Virtual machines provide users with a number of high value advantages, not the least of which is freedom from the burden of underpinning development efforts with otherwise costly infrastructure components. Windows Azure is available to support a wide range of virtual machines, including SharePoint server 2013. We use CloudShare‘s Enterprise plan, which offers comparable features and pricing.
Microsoft Azure, in theory, can offer SharePoint users a lot of added benefit, beyond its competitors. After all, SharePoint Server 2013 and Microsoft Azure are related siblings within the Microsoft family of products. The reasoning goes like this: features should run better, costs should be lower, and the time it takes to put up a SharePoint Server 2013 prototype should be a fraction of what it would take to do the same in a competitive environment where support for the Microsoft platform of products is simply one of a number of other options (actually this platform agnosticism is the case with Microsoft Azure, as well).
Often, actual experience does not bear out the assumptions stakeholders make before embarking on a new project. In the Microsoft world this gap makes itself known, for example, when organizations spend considerable time putting together databases of information in Excel spreadsheets and, later, attempt to export the data, cleanly, over to an SQL Server database. This is merely one example of how presumably interrelated applications don’t play as nicely with one another as one would expect.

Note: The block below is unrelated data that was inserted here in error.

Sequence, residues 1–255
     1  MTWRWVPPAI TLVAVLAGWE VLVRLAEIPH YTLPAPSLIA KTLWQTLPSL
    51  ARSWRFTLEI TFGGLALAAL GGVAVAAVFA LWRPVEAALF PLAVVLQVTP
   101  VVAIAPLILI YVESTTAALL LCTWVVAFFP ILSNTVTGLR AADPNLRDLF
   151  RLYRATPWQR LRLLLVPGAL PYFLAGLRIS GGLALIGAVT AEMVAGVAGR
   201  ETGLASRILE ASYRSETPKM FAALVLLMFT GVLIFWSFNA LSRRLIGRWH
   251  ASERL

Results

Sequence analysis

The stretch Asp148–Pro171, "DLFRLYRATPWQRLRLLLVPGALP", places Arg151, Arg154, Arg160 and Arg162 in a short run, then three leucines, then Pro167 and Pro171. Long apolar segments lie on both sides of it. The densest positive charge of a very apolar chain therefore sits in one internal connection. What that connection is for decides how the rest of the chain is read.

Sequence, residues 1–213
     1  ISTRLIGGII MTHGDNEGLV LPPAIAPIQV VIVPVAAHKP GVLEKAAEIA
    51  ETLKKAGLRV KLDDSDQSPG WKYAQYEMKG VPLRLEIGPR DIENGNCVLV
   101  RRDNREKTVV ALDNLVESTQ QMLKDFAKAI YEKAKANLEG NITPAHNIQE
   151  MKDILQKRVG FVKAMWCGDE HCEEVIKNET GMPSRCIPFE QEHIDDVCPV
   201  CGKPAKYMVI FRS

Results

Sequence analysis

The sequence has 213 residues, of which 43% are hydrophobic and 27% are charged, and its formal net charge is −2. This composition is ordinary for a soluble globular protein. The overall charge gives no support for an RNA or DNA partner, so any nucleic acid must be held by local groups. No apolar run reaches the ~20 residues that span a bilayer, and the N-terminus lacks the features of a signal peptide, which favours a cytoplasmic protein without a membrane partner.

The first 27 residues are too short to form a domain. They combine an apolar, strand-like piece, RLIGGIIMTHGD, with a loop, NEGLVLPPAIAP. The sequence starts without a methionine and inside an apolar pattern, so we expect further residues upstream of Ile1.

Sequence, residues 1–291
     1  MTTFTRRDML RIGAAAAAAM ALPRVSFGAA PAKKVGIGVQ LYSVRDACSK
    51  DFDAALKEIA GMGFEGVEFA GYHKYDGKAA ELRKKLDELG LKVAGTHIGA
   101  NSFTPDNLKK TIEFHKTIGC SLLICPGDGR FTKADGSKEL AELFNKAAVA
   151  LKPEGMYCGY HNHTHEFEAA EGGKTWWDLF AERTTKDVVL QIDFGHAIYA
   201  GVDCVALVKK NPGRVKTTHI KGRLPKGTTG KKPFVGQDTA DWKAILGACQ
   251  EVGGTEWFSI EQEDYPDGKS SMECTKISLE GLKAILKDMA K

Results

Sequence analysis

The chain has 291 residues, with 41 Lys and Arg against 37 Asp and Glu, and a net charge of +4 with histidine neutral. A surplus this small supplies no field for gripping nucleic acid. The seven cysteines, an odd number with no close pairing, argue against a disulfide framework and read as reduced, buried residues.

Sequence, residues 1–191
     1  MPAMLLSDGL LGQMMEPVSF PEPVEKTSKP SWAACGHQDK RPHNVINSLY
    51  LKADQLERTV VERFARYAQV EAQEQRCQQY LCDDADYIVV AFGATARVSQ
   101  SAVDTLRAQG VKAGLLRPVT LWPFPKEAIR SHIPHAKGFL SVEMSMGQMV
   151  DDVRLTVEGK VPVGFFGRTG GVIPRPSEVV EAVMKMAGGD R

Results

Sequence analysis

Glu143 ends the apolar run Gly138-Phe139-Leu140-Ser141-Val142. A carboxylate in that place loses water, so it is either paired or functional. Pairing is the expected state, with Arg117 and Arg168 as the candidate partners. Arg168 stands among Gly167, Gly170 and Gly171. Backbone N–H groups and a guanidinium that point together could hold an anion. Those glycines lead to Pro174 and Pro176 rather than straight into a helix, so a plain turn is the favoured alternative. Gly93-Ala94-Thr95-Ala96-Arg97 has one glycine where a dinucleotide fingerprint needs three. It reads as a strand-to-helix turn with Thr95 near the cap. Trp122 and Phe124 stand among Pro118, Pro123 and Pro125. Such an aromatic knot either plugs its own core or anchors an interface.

So it makes sense to bring a healthy skepticism to a review of whether or not SharePoint 2013 stakeholders will get what they are after if they look to Microsoft Azure for the prototyping support they need prior to implementing this computing platform. If an article titled New SharePoint Server 2013 3-tier farm test lab in Azure, which was written by Joe Davies, and published on April 18, 2014 on the Technet Blog, is any example, the notion of looking to Windows Azure as a the best venue for prototyping SharePoint, is a correct one.
Mr. Davis points out a number of very important benefits of opting to build one’s SharePoint Server 2013 prototype on Azure, not the least of which is little or no cost. A second benefit, undoubtedly important to IT organizations short on personnel, is the rapidity with which Mr. Davis claims the prototype environment can be put together.
SharePoint-Videos offers a number of video tutorials on a similar process, meaning an effort to put together a SharePoint Server 2013 prototype. The first of these tutorials is titled Creating a SharePoint 2013 testing environment – Part 1 – Setting up Windows 2008 properties. There are 10 of these video tutorials, in all. Anyone with a valid subscription to our site can access any of this training content as required, with unlimited viewing privileges.
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